In his book, ‘The Paradox of Choice’, Barry Schwartz talks about two kinds of people: Maximisers and Satisficers. Maximisers are individuals who’ll only settle for the very best and Satisficers are people who’ll settle for good enough. The main tenet of the book was that it’s Satisficers who generally lead the more content lives.
Several of the authors opened up in their courses and admitted that they were effectively, Satisficers. They’ll settle for good enough in order to get their work finished. They don’t waste time on perfect.
Baldacci is a keen proponent of the ‘good enough’ principle.
‘You have a tendency as a writer to want to make something absolutely perfect. But in doing that, you’re almost guaranteeing to make it imperfect…You have to let it go because the world is waiting for the next book you want to write. So, let it go. The longer you have it, the higher the chances that you won’t make it better, but worse.’
Alongside this, you need to work on lowering the bar for yourself as a writer. Not expecting perfect every time. The author of non-fiction bestsellers such as Outliers and The Tipping Point, Malcolm Gladwell, clarified this point.
‘If you’re trying to produce the perfect piece, you’ll never produce it. So you have to accept the fact that your first couple of drafts are going to be bad, they’re always bad. By definition, they’re bad. You don’t know what you’re doing yet.
But it’s important to go through the stage of just getting things on a page. Also, the act of expanding your argument or telling your story is how the story emerges. You figure out how to tell the story as you tell it’.
Whatever you’re writing, you need to know what else is out there. This is not only important for coming up with new ideas, but also in positioning yourself in a very competitive market.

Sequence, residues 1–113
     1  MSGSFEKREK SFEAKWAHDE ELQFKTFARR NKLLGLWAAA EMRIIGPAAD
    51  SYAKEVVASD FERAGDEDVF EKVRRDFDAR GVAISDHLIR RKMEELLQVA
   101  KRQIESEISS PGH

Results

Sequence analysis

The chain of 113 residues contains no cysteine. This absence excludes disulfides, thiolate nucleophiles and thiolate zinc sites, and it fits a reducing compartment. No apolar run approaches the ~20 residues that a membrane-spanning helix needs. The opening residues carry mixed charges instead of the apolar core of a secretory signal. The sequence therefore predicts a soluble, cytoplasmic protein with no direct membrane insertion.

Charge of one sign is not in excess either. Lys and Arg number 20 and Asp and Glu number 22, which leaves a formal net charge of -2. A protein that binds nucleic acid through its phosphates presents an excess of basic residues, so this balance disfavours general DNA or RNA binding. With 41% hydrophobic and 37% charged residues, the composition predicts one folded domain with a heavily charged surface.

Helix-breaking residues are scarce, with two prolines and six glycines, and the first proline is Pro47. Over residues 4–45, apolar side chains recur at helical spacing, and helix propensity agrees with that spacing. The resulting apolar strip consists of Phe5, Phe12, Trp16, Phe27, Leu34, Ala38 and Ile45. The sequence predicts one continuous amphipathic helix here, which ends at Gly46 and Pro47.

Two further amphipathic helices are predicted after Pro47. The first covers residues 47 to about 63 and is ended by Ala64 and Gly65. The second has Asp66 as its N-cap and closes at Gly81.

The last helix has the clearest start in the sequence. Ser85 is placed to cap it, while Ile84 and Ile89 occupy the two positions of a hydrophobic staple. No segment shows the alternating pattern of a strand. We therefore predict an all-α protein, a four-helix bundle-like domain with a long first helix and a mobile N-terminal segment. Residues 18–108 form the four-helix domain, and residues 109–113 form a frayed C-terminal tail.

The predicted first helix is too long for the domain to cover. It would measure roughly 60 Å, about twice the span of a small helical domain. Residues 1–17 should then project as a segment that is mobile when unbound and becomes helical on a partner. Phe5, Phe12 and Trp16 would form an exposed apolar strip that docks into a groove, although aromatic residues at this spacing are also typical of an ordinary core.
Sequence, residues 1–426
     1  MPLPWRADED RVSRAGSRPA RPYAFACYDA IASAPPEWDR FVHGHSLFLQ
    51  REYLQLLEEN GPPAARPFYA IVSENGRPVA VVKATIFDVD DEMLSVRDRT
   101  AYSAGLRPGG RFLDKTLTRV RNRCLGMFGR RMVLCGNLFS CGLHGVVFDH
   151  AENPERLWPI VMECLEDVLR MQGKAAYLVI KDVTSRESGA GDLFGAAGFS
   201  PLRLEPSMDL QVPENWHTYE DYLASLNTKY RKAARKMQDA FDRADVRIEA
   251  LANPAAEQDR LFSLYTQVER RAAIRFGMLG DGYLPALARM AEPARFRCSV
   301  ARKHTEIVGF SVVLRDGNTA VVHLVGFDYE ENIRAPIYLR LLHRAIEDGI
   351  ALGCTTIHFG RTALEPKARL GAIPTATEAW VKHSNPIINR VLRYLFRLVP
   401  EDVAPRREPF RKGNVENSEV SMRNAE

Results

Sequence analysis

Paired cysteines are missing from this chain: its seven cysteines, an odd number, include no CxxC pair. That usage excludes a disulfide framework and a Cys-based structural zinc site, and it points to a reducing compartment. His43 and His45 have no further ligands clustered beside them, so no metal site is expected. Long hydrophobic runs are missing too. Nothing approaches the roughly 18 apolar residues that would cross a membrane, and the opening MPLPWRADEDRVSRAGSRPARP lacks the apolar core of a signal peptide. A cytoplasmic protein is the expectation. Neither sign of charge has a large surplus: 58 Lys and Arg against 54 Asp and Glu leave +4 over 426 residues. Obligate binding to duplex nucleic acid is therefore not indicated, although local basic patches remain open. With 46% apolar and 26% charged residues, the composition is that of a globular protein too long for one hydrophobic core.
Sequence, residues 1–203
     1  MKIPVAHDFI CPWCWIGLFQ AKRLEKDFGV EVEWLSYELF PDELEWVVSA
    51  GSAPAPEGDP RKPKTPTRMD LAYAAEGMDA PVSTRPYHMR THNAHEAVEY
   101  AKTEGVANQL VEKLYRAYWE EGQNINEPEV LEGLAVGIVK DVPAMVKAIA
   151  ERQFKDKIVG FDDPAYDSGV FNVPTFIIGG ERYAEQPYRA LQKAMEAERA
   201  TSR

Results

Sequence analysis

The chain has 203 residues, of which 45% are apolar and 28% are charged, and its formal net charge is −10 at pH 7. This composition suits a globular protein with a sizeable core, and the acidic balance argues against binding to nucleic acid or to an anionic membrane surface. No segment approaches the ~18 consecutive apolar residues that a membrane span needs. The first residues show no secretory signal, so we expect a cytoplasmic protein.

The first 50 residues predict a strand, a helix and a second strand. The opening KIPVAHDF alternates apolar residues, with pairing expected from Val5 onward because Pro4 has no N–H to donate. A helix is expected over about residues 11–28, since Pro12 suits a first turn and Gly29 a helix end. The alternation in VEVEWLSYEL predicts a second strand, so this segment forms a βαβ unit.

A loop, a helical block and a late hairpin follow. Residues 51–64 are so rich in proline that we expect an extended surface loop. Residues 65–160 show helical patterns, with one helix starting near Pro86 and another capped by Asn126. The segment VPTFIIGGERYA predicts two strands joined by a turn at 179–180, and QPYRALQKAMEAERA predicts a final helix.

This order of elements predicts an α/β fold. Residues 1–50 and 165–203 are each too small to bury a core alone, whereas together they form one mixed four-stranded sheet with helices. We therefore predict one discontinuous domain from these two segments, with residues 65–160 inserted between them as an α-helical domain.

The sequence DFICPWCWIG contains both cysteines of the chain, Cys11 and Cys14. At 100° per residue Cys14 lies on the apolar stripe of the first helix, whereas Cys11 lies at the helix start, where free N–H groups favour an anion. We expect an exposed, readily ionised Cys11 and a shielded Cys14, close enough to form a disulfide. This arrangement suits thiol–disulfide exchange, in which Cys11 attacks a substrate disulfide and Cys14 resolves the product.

Having worked in advertising, understanding the competition is something that the thriller writer James Patterson is all too aware of.
‘You’ve got to be aware of what’s out there. Not to imitate it but to avoid it. There’s a good chance that you’ll write something that’s been written before. You’re going to think ‘It’s great!’ and fifteen years ago, it might have been great. I think it’s really useful to know what’s written and not to write stuff like it, but to totally avoid it.’
Judy Blume’s also adopts the same approach.
‘When I was starting out, I went to the library and came home with armloads of children’s books. I came home with all of these books and I’d sit down at night and read them and put them in piles. Bringing the books home from the library inspired me and let me know what I wanted to do. It was a useful exercise for me and I encourage everyone who writes to me asking how to write for children to do that’.
Summary – The elements of a great writer
- Discipline and routine
- Resilience in the face of rejection
- Paying attention when you’re out in the world
- Settling for ‘good enough’
- Taking the time to study your genre